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Unread post25 Mar 2011, 13:44

1st503rdsgt wrote:Fits in the internal bays? This is exactly the sort of thing I was hoping would be developed for the F-35. I hope the U.S. doesn't turn up its nose and spend another ten years developing the same thing with an American contractor. Although I'm not sure how much yield can be packed into a 125kg/275lb payload, it does appear to be big enough to mount a 10kt or so tactical nuke like the W-44s that were on ASROC system until 1989 (I'll bet there's still a few left in storage).


The JSOW/JSOW-ER also fits in the internal bays, so the F-35 has several options with regards to stand off munitions available, while maintaining a VLO profile.
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Unread post25 Mar 2011, 17:52

Just thought I add pictures of the marine vessels that will use the NSM Navy version of the JSM:

Skjold Class MTP ( Worlds fastest warship - 60+ knots )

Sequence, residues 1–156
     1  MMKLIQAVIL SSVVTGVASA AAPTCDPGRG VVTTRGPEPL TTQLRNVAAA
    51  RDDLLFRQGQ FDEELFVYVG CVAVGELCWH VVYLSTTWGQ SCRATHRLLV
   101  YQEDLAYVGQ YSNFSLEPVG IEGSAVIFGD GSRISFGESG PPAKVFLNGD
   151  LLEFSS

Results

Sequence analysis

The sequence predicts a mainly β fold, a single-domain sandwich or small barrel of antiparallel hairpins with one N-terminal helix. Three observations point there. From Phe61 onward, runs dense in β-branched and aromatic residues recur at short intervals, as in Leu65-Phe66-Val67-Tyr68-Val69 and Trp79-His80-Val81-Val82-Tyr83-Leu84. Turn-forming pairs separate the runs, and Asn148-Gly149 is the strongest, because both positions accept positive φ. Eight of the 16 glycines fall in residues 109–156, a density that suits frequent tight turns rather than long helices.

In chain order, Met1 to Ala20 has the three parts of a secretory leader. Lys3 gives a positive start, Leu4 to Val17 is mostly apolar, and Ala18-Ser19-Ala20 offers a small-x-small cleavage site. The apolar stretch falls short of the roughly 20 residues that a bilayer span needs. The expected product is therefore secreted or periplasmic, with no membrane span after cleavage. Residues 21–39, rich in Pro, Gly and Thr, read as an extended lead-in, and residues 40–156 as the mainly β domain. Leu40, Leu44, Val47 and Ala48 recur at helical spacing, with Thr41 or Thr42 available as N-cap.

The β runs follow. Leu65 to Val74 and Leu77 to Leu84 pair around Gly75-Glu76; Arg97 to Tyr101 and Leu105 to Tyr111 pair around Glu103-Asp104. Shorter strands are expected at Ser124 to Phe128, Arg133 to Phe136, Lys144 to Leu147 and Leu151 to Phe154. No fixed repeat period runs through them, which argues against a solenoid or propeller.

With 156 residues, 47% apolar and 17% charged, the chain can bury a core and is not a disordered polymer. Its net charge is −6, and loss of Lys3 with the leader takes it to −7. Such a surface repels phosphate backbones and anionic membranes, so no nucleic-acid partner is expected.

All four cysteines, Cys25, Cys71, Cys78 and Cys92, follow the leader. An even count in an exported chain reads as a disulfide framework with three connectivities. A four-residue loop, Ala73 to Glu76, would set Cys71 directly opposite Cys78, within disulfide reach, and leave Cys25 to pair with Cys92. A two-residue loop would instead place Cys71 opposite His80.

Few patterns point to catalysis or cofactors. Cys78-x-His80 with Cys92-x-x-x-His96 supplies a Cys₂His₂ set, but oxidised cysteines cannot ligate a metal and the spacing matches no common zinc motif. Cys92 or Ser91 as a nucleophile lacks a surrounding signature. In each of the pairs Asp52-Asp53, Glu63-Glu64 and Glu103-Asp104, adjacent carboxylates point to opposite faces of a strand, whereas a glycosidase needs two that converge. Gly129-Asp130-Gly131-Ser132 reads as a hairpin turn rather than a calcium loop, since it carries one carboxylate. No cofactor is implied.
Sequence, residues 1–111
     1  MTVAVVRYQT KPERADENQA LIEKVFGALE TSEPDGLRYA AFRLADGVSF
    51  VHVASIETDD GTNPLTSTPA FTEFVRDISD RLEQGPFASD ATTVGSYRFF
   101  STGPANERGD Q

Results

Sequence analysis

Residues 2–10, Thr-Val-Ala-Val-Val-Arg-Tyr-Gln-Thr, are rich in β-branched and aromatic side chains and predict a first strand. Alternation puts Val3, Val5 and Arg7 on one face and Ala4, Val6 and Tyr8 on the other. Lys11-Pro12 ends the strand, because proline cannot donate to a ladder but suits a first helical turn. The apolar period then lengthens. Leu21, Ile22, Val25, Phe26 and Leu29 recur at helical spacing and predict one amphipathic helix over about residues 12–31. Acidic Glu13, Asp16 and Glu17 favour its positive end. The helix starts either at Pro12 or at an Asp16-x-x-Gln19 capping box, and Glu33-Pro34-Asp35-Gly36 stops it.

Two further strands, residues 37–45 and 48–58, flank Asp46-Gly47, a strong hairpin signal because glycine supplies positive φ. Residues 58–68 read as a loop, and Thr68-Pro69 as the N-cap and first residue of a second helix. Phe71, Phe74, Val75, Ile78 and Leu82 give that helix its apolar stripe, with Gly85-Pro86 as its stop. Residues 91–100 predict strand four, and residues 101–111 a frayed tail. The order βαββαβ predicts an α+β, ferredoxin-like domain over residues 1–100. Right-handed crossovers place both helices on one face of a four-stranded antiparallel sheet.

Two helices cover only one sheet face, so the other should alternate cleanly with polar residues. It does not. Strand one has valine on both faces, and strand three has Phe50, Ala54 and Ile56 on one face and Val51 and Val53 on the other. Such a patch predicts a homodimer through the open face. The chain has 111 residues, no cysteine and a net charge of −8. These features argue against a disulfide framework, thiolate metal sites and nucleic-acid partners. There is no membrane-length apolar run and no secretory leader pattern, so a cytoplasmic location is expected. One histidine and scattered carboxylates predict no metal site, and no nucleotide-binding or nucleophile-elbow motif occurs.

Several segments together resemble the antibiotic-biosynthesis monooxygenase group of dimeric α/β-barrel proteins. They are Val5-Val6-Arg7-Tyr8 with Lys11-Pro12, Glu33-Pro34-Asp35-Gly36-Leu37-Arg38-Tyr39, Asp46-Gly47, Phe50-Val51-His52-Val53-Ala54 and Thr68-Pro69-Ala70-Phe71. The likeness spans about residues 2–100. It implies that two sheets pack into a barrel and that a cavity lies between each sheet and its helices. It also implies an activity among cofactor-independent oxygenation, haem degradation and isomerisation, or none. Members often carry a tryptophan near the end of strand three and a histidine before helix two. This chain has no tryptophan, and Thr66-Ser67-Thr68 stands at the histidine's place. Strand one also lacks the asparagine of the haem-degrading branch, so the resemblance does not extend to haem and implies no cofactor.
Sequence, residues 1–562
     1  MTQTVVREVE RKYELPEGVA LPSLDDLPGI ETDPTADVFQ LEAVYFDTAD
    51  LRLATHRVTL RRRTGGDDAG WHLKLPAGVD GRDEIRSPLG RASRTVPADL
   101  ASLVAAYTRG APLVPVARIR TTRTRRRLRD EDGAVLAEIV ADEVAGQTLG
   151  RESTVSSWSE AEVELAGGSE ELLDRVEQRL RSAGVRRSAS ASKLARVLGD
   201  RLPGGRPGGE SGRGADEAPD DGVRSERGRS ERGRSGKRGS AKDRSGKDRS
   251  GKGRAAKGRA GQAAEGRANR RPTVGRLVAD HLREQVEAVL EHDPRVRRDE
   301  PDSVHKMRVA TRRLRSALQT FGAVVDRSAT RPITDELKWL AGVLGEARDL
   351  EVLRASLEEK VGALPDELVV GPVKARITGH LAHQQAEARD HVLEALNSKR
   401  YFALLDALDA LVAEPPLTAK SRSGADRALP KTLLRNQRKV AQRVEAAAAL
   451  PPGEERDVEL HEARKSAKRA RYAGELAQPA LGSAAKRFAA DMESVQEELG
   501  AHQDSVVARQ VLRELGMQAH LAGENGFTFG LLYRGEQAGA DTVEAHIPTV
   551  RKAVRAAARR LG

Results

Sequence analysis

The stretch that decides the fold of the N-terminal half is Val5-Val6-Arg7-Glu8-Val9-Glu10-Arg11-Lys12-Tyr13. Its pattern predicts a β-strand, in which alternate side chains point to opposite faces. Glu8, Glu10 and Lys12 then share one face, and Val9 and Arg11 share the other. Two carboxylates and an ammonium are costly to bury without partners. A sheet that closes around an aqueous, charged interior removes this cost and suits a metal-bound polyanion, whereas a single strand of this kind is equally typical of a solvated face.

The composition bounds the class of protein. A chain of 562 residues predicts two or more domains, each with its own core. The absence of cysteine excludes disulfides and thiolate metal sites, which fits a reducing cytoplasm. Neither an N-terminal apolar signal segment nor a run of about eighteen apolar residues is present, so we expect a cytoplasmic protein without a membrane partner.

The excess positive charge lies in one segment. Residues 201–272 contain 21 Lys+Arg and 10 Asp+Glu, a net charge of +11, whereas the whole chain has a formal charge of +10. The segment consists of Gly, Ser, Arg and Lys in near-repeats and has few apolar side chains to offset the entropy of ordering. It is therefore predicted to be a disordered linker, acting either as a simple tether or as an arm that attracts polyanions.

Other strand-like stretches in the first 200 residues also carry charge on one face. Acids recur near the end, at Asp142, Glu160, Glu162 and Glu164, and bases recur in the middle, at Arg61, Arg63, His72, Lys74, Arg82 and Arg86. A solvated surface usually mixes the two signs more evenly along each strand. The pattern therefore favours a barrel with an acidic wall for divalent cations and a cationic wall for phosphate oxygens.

http://en.wikipedia.org/wiki/Skjold_class


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Fridtjof Nansen class frigate:


http://en.wikipedia.org/wiki/Fridtjof_N ... ss_frigate


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1st503rdsgt

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Unread post25 Mar 2011, 19:58

wrightwing wrote:
1st503rdsgt wrote:Fits in the internal bays? This is exactly the sort of thing I was hoping would be developed for the F-35. I hope the U.S. doesn't turn up its nose and spend another ten years developing the same thing with an American contractor. Although I'm not sure how much yield can be packed into a 125kg/275lb payload, it does appear to be big enough to mount a 10kt or so tactical nuke like the W-44s that were on ASROC system until 1989 (I'll bet there's still a few left in storage).


The JSOW/JSOW-ER also fits in the internal bays, so the F-35 has several options with regards to stand off munitions available, while maintaining a VLO profile.


Which new standoff weapons will actually materialize is still up in the air. Current JSOW is not a missile; it's a glide bomb.

JSOW: 14-70 miles (un-powered)